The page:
The recent terminal illness and death of a friend has me thinking about the encounters most of us will have with the health care system at the end of life. It seems to me that no time is more important – or potentially more challenging – to exercise control of the health care services we receive. A recent article, “We’re Bad at Death. Can We Talk?” by Dr. Dhruv Khullar drives this point home.
The key to having our health care preferences respected at the end of life is to get clear about what they are and then document them in an advance directive. An advance directive is a legal document in which a person specifies what actions should be taken for their health if they are no longer able to make decisions for themselves because of illness or incapacity. Without an advance directive, health care decision-making often skews to “doing more”, when doing less but with good pain management may be what patients would have preferred.
There are some great resources to help us with the process of creating advance directives for ourselves or our family members. The Conversation Project, co-founded by Pulitzer Prize winner Ellen Goodman, helps us take the first step by identifying and then talking about our preferences for end of life care.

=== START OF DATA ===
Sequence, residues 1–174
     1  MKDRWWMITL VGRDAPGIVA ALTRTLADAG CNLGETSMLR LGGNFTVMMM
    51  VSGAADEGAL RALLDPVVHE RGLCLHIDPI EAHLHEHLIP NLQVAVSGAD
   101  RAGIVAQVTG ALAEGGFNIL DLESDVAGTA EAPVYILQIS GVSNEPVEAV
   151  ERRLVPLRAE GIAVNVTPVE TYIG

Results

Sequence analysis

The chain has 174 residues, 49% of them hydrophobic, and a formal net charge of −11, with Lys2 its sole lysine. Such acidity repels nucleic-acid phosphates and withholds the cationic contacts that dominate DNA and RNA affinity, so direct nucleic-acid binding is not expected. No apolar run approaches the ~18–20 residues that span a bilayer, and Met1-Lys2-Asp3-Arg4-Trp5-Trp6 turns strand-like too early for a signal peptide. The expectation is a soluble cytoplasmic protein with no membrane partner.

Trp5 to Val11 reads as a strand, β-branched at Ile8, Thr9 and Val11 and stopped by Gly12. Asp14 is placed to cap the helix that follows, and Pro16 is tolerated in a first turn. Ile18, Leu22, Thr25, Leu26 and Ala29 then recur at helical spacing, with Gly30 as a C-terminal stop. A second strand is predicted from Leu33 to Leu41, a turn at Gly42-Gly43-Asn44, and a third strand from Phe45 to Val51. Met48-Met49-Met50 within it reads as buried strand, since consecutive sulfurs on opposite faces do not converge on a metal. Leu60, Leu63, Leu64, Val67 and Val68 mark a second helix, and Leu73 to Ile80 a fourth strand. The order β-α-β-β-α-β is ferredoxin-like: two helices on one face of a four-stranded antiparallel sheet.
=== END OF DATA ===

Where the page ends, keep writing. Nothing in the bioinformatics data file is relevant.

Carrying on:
The website includes easy to understand and use conversation starter kits – available for free in several languages. There are special versions that address Alzheimer’s Disease and other forms of dementia as well as seriously ill children. There are also how to guides about talking with your doctor and choosing (or being) a health care proxy.
These would make great additions to your library of employee health care resources!
Cheryl participates in a number of national and regional initiatives that align with The Alliance’s mission of controlling costs, improving quality and engaging individuals in their health. She serves on the Advisory Board of the Wisconsin Population Health Institute and the board of the Wisconsin Collaborative for Healthcare Quality.
Prior to joining The Alliance, Cheryl was a program manager at Meriter Hospital in Madison. She earned a master’s degree in social work from the University of Wisconsin-Madison.
Latest posts by Cheryl DeMars
- On My Mind: Private Sector Innovators - February 27, 2018
- On My Mind: Mental Health First Aid - February 6, 2018
- On My Mind: New Resource for Your Employees Who are Caregivers - November 21, 2017